A week ago a new Veterans Administration Community Based Outreach Clinic (CBOC) opened in Brattleboro, Vermont. The clinic is located in the  exit 1 industrial park and will provide outpatient services to local, tri-state veterans, including lab work and mental health services. The new clinic will be open 8 a.m. to 4:30 p.m. on Mondays, Wednesdays, Thursdays and Fridays. On Tuesdays, it will be open from 10:30 a.m. to 7 p.m.

In addition to this new local clinic there are a number of important internet and book resources available  for veterans and their families. The U.S. government site for the Department of Veterans Affairs offers a large amount of information on health care resources and benefits available to veterans.

U.S. Veterans Services

The government site includes an excellent section on Post Traumatic Stress Disorder (PTSD). This section would be very helpful to veterans and their families to help understand the symptoms of PTSD and how to find help through books and mental health providers. The site also provides PTSD resources specific to families, women, and children.

Post Traumatic Stress Disorder for Veterans

The Brooks Memorial Library has a number of resources for recently returned vets and the reference librarian can help individuals find information about benefits and other related concerns. Here are a few titles that might be of interest:

Soldier’s Personal Accounts:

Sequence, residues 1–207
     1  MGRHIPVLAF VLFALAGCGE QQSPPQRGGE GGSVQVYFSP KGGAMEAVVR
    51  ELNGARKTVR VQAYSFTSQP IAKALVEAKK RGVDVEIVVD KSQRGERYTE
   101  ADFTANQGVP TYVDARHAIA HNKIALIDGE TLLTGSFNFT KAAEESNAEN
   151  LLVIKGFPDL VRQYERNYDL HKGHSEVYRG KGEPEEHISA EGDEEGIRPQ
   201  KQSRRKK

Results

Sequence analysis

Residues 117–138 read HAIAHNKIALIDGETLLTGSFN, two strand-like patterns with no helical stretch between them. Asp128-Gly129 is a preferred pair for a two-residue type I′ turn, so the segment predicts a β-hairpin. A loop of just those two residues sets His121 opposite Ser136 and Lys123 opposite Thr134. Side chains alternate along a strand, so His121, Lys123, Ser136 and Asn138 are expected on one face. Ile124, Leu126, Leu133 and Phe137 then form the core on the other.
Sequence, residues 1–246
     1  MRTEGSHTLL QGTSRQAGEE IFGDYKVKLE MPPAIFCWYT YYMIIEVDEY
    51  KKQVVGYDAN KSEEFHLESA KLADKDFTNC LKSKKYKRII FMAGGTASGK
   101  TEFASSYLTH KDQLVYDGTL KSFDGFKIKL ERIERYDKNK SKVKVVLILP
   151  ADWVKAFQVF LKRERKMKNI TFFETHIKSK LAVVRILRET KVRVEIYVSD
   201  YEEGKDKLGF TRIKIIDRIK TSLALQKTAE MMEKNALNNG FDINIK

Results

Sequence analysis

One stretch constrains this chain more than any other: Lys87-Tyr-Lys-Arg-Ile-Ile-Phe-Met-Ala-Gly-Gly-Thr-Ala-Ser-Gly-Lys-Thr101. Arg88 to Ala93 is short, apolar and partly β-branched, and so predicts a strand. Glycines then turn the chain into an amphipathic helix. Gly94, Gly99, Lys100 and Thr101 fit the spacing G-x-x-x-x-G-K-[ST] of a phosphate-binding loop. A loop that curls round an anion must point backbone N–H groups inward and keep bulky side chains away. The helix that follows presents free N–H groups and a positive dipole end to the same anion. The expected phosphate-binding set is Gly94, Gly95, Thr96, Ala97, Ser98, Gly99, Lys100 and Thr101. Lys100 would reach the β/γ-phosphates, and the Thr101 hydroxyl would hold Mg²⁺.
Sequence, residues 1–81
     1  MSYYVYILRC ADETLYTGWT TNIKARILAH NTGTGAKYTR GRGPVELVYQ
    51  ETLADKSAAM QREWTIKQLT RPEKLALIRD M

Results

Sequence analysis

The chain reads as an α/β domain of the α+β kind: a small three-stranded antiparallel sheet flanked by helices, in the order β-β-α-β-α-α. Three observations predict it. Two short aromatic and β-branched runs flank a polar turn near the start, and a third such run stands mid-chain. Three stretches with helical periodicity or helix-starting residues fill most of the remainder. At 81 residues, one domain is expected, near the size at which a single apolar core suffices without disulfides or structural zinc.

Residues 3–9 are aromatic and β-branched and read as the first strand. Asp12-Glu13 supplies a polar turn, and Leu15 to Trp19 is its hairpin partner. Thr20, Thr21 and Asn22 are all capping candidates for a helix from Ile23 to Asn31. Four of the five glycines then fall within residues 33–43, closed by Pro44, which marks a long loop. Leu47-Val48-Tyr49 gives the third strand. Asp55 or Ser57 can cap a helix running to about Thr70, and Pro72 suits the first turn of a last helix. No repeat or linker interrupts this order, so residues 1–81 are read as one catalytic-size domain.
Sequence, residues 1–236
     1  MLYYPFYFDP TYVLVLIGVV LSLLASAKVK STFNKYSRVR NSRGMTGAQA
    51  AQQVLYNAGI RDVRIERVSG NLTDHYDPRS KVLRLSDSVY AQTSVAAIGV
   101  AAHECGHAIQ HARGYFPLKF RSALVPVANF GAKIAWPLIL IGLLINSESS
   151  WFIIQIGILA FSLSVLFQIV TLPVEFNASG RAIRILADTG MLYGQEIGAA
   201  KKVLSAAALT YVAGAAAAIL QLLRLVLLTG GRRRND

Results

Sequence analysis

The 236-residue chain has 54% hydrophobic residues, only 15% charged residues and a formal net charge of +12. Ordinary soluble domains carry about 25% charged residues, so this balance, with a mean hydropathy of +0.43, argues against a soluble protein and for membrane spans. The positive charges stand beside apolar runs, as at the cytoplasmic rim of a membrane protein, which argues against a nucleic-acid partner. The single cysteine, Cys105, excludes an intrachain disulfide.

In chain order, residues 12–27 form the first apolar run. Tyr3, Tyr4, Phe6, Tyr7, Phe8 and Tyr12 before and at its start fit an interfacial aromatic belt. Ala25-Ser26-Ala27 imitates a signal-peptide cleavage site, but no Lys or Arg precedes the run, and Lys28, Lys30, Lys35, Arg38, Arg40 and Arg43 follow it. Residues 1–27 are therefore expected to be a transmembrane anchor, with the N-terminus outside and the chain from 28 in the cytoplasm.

Chasing Ghosts: A Soldier’s Fight for America from Baghdad to Washington by Paul Rieckof, New York : NAL Caliber, 2006.

Faith of Our Sons: A Father’s Wartime Diary by Frank Schaeffer, New York : Carroll & Graf, 2004.

Heroes Among Us: Firsthand Accounts of Combat from America’s Most Decorated Warriors in Iraq and Afghanistan edited by Chuck Larson, New York, N.Y. : NAL Caliber, c2008.

I am a Soldier, too: the Jessica Lynch Story by Rick Bragg, New York, Knopf, 2003.

The Long Road Home: a Story of War and Family by Martha Raddatz, New York, NY : G. P. Putnam’s Sons, 2007.

The Unforgiving Minute: A Soldier’s Education by Craig Mullaney, New York : Penguin, c2009.

Books on Trauma:

Overcoming Traumatic Stress: A Self-Help Guide by Claudia Herbert and Ann Wetmore, New York : New York University Press, 2001.

Trauma and Recovery by Judith Lewis Herman, New York : BasicBooks, c1997.

War and the Soul: Healing Our Nation’s Veterans from Post-Traumatic Stress Disorder by Edward Tick, Wheaton, Ill. : Quest Books, 2005.

More on order…


The Ground Truth by Patricia Foulkrod, Universal City, CA : Universal Studios Home Entertainment, c2006.